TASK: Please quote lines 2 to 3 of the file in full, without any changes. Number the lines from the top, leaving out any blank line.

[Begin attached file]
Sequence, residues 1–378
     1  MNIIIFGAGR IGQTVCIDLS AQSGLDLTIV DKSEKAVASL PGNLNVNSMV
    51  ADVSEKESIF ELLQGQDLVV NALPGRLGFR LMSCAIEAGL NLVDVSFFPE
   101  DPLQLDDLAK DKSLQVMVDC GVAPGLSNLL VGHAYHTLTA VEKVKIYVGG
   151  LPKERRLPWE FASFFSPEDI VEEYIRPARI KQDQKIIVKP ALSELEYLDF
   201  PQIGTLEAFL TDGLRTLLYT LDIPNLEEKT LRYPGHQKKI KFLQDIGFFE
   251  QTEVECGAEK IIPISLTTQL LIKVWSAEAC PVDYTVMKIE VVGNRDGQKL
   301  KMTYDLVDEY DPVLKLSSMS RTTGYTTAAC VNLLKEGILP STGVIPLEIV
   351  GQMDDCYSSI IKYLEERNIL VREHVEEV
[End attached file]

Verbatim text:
     1  MNIIIFGAGR IGQTVCIDLS AQSGLDLTIV DKSEKAVASL PGNLNVNSMV
    51  ADVSEKESIF ELLQGQDLVV NALPGRLGFR LMSCAIEAGL NLVDVSFFPE